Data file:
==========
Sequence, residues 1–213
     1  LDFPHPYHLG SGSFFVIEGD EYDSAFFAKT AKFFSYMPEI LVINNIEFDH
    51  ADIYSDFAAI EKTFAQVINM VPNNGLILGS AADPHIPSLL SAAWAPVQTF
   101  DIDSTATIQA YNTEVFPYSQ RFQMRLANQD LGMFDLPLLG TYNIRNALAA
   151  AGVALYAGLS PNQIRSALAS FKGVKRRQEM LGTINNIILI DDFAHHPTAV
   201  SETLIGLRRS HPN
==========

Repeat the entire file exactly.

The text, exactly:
Sequence, residues 1–213
     1  LDFPHPYHLG SGSFFVIEGD EYDSAFFAKT AKFFSYMPEI LVINNIEFDH
    51  ADIYSDFAAI EKTFAQVINM VPNNGLILGS AADPHIPSLL SAAWAPVQTF
   101  DIDSTATIQA YNTEVFPYSQ RFQMRLANQD LGMFDLPLLG TYNIRNALAA
   151  AGVALYAGLS PNQIRSALAS FKGVKRRQEM LGTINNIILI DDFAHHPTAV
   201  SETLIGLRRS HPN